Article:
Browsing by Subject "Food spoilage"

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  • Andreevskaya, Margarita; Hultman, Jenni; Johansson, Per; Laine, Pia; Paulin, Lars; Auvinen, Petri; Björkroth, Johanna (2016)
    Leuconostoc gelidum subsp. gasicomitatum is a predominant lactic acid bacterium (LAB) in spoilage microbial communities of different kinds of modified-atmosphere packaged (MAP) food products. So far, only one genome sequence of a poultry-originating type strain of this bacterium (LMG 18811T) has been available. In the current study, we present the completely sequenced and functionally annotated genome of strain KG16-1 isolated from a vegetable-based product. In addition, six other vegetable-associated strains were sequenced to study possible “niche” specificity suggested by recent multilocus sequence typing. The genome of strain KG16-1 consisted of one circular chromosome and three plasmids, which together contained 2,035 CDSs. The chromosome carried at least three prophage regions and one of the plasmids encoded a galactan degradation cluster, which might provide a survival advantage in plant-related environments. The genome comparison with LMG 18811T and six other vegetable strains suggests no major differences between the meat- and vegetable-associated strains that would explain their “niche” specificity. Finally, the comparison with the genomes of other leuconostocs highlights the distribution of functionally interesting genes across the L. gelidum strains and the genus Leuconostoc.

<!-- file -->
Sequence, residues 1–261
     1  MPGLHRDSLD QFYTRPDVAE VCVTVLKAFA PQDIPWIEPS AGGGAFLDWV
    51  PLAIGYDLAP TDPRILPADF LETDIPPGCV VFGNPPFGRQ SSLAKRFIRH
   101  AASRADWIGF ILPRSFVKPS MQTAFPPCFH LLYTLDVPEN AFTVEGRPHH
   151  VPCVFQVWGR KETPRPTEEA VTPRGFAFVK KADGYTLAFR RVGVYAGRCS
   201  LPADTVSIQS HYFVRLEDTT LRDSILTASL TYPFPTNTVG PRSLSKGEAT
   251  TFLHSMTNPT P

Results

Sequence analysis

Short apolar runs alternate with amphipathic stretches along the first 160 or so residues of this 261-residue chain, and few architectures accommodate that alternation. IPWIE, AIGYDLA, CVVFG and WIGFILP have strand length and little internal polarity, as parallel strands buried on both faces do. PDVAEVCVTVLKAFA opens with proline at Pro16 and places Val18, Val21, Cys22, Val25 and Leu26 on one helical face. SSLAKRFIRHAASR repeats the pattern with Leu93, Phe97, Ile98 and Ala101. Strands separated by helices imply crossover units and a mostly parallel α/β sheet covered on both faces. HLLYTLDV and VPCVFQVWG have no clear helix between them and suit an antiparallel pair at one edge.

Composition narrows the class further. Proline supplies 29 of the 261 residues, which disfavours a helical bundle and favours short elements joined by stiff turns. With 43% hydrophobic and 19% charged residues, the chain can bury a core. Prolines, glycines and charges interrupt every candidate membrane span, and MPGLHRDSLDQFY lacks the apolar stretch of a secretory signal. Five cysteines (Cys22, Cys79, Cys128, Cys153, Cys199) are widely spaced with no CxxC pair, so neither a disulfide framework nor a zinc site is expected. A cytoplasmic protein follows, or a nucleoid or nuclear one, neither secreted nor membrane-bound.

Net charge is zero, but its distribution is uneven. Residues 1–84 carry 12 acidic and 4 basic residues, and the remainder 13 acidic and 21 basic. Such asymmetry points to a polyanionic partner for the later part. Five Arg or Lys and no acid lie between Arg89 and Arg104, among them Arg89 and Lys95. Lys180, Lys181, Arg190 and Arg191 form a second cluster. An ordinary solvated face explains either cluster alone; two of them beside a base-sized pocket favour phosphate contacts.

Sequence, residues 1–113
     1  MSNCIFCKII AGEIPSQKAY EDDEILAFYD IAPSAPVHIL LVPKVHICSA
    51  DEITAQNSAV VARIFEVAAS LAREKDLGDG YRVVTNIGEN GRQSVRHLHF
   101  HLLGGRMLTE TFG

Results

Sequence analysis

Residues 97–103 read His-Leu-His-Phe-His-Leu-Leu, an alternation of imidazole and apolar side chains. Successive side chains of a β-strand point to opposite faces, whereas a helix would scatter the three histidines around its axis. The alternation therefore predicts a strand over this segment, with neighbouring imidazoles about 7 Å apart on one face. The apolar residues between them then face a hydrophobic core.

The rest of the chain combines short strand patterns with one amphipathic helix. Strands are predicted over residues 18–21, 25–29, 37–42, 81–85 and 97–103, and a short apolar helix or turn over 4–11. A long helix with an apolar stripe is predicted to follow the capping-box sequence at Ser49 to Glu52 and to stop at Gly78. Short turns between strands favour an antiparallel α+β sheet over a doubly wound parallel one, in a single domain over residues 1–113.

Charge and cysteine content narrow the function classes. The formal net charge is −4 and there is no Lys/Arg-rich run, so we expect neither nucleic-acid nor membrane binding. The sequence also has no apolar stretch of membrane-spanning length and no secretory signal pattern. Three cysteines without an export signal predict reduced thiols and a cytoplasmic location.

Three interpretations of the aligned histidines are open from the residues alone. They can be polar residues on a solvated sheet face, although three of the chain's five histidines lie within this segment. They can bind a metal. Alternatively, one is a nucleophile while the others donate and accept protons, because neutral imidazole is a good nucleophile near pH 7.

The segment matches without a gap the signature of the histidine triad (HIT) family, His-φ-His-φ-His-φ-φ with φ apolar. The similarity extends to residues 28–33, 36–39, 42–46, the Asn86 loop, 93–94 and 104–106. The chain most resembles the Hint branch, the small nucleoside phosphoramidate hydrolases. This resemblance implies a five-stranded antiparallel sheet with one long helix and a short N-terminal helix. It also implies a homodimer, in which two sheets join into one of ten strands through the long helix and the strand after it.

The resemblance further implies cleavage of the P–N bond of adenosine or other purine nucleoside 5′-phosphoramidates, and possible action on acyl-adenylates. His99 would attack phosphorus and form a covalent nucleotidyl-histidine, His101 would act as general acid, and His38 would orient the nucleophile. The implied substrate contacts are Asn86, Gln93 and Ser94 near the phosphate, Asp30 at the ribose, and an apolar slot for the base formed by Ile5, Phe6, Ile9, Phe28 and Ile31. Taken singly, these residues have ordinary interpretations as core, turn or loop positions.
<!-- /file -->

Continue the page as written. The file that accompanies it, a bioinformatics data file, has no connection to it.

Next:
• Wang, Aimei; Islam, Md Nahidul; Johansen, Anders; Haapalainen, Minna; Latvala, Satu; Edelenbos, Merete (2019)
    Diseases develop during the storage of onions. To minimize losses, new methods are needed to identify diseased bulbs early in storage. Volatile organic compounds (VOCs), the respiration rate, weight loss, and the dry matter content were investigated for 1-7 weeks post inoculation of bulbs with water (control) and two strains (Fox006 or Fox260) of Fusarium oxysporum f. sp. cepae. Photos, multispectral image analysis, and real-time polymerase chain reaction (PCR) showed no infection in the control onions, weak pathogenic infection in Fox006-onions, and strong pathogenic infection in Fox260-onions at week 7 post inoculation. Infected bulbs exhibited increased respiration rate, increased VOC emission rate, and increased weight loss. The control and Fox006-onions did not respond to inoculation and had similar reaction pattern. Forty-three different VOCs were measured, of which 17 compounds had sulfur in their chemical structure. 1-Propanethiol, methyl propyl sulfide, and styrene were emitted in high concentrations and were positively correlated with the extent of infection (r = 0.82 - 0.89). Therefore, these compounds were the most promising volatile markers of Fusarium basal rot infection. For the first time, we show that the extent of fungal infection determined by real-time PCR in onion bulbs is related with VOC emission.